Only about 20% of soldiers in operation are shot at, but 46% of us leave with some form of mental illness or injury, and about 28% suffer from post-traumatic stress. PTSD actually derives from being in a sustained period of stress and never having the chance to power down. Basically, the brain rewires and you stay in a state of chronic stress.

The development of the Soldierly app

As a result of his army experiences, Chris was easily able to see how wearable technology could benefit those currently serving in the military, as well as veterans. So, he sat down with various factory executives at Apple, Fitbit, Samsung, and Google Life Sciences to discuss the idea with them, and it was met with great enthusiasm.

Based on those conversations, Chris founded the company, Soldier.ly, to produce his smartphone app. The Soldierly app which will be released in early 2019 — runs on Fitbit smartwatches and works on popular iOS and Android smartphones to detect stress and help the wearer take control.

It does this by tracking various behavioural biometrics including heart rate variability, sleep cycles, time spent in exercise and time spent using a smartphone. Then, based on various signals, it interrupts the wearer when it senses the onset of stress. Chris describes this as especially important, because many military personnel have become so accustomed to stress that they don’t even realise when they’re beginning to experience it.

He explains:

We lose a veteran every hour in the United States, and in Australia, it’s one every four days. The goal of the Soldierly app is to reduce suffering in the veteran and first responder communities by actually helping people who are accustomed to living with chronic stress to become mindful of it.

“The interesting thing is because they get so used to stress, they actually don’t recognise the signals anymore. So, when you can actually look at an outsider — your device being the outsider — and say ‘Hey, I’m detecting sustained periods of stress, do something about that right now’.

“This does two things… the first is that the app makes them mindful of stress and then helps them calm down, but what it also does is help them start to notice when they’re in these scenarios that have previously caused stress so they’re less stressed when facing them in the future. That was an unexpected outcome for us”, he says.


Pictured: The Soldierly app walking a user through a breathing exercise to alleviate mild stress.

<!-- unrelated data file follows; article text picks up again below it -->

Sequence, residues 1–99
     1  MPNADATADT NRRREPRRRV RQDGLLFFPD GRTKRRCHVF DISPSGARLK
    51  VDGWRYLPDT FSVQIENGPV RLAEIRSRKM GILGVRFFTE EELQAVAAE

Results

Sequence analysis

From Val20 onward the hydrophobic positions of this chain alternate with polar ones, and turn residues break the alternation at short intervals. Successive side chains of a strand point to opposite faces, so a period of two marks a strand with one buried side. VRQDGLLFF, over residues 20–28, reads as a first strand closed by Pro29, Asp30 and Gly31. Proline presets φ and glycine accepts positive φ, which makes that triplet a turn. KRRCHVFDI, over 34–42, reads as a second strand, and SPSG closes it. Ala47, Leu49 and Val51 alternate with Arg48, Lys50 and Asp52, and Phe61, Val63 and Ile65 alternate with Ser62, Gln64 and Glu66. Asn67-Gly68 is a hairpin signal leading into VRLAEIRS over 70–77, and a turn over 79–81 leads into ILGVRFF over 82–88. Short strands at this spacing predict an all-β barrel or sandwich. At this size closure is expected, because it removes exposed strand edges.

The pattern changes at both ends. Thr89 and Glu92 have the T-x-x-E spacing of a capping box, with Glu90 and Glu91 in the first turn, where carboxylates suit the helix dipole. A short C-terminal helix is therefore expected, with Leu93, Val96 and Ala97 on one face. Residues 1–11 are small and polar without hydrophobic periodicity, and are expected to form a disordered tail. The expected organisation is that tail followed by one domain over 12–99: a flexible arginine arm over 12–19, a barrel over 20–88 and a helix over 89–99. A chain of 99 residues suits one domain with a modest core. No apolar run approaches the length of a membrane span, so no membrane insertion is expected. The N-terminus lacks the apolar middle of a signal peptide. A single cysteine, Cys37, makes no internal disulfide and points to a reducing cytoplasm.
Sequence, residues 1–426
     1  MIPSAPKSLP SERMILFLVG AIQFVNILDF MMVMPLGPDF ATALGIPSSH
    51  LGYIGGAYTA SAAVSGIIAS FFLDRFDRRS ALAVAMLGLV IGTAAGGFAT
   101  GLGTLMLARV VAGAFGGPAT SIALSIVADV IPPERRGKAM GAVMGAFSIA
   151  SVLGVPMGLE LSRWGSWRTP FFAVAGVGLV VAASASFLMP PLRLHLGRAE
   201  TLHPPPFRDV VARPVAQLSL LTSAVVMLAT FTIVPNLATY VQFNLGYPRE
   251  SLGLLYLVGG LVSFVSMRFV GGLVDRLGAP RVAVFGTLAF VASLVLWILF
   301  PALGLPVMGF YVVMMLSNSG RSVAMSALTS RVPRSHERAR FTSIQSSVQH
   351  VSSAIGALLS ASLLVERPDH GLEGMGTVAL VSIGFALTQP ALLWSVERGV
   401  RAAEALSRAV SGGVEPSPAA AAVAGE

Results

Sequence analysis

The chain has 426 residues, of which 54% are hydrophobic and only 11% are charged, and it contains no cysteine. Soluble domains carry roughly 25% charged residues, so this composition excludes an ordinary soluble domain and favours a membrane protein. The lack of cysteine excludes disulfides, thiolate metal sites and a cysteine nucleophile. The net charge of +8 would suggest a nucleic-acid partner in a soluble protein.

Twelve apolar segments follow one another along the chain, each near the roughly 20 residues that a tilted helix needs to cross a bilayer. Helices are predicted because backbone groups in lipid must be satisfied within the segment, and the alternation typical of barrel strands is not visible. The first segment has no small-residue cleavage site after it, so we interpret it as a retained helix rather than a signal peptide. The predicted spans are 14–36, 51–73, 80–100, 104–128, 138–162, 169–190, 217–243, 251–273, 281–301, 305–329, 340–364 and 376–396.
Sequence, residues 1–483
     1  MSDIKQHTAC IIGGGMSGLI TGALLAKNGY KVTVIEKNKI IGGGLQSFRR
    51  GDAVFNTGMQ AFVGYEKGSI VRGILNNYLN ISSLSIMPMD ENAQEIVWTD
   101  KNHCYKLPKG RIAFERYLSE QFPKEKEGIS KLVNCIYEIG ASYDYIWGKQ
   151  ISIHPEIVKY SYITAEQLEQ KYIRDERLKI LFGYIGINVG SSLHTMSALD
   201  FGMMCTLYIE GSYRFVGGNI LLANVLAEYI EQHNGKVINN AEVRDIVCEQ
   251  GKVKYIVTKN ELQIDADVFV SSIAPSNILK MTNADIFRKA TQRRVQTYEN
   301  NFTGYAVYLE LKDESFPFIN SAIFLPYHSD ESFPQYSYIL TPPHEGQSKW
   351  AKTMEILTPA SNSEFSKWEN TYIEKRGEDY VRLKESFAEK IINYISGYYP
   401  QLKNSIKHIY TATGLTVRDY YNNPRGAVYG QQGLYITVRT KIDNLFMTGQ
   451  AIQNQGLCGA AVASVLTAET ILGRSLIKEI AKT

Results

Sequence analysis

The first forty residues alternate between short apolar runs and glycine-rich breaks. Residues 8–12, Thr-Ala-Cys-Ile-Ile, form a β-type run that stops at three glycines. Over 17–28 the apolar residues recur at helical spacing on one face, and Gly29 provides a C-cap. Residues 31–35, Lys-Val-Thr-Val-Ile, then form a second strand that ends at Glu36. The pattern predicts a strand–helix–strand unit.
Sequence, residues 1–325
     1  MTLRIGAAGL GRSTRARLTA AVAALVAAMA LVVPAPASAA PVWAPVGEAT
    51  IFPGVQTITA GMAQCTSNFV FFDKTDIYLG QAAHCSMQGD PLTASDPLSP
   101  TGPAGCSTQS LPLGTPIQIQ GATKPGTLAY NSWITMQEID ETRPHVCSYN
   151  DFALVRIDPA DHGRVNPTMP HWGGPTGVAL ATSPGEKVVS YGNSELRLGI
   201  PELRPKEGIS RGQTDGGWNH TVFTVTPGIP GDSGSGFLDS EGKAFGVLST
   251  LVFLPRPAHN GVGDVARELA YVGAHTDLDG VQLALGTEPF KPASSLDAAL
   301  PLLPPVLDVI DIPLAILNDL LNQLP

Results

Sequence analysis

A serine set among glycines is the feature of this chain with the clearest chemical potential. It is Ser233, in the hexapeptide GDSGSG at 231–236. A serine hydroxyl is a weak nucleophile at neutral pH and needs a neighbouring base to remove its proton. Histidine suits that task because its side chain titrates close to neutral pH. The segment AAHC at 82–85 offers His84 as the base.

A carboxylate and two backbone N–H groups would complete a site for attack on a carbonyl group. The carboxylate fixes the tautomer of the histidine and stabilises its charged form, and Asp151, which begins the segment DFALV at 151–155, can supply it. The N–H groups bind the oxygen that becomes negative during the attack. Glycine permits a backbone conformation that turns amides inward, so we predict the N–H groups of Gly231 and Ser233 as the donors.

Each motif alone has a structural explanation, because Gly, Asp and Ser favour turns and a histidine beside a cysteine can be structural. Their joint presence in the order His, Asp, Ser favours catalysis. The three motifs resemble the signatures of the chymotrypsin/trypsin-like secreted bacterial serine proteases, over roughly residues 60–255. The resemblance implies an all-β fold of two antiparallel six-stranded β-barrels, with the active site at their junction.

How the Soldierly app works

“Basically, your average Fitbit sits on your wrist with its array of electronic sensors and apps that quietly run in the background, looking at how far you’re moving, whether you’re sleeping or moving around at night, noticing if your heart rate is steady for a period of time etc.  There are several different algorithms running at once and it’s building up a baseline”, Chris explains.

The Soldierly app then notices when there are significant variations from the baseline. When these are observed, Chris explains, “It alerts you by vibrating. On the screen, it will say, ‘Hey, are you okay? I’m detecting elevated heart rate levels’.

“If you say, ‘Yeah, I’m OK, then it asks ‘OK, so how serious an event was this?’ and it then asks you to rate the triggering event. So, for example, you may have been playing Xbox, which is a positive stressor, so now the app learns that this biometric incident profile isn’t a threat, so it knows not to worry about that in the future’. Basically, the device learns about you as an individual as you go about your day to day life, becoming smarter daily”.


Pictured: The Soldierly app showing (left) the screen that appears when stress is detected, (middle) the screen that appears when ‘mild stress’ is selected, and (right) the screen that appears on other wearers’ smartwatches when a friend alerts them of ‘severe stress’.


On the flip side, if the user is experiencing stress, the Soldierly app identifies the level of stress and then makes suggestions to bring users closer to their baseline. For example, in the case of mild stress, users are guided to do a breathing exercise — breathing in for four counts, holding their breath for four counts, and then exhaling for four counts, until they return to a calm state.

In the event of moderate stress, they’re directed to open up their smartphone and go through a guided visualisation and auditory exercise that uses binaural beats — in conjunction with guided meditation — to calm the brain down.

Then, in the case of severe stress, the Soldierly app does one of three things.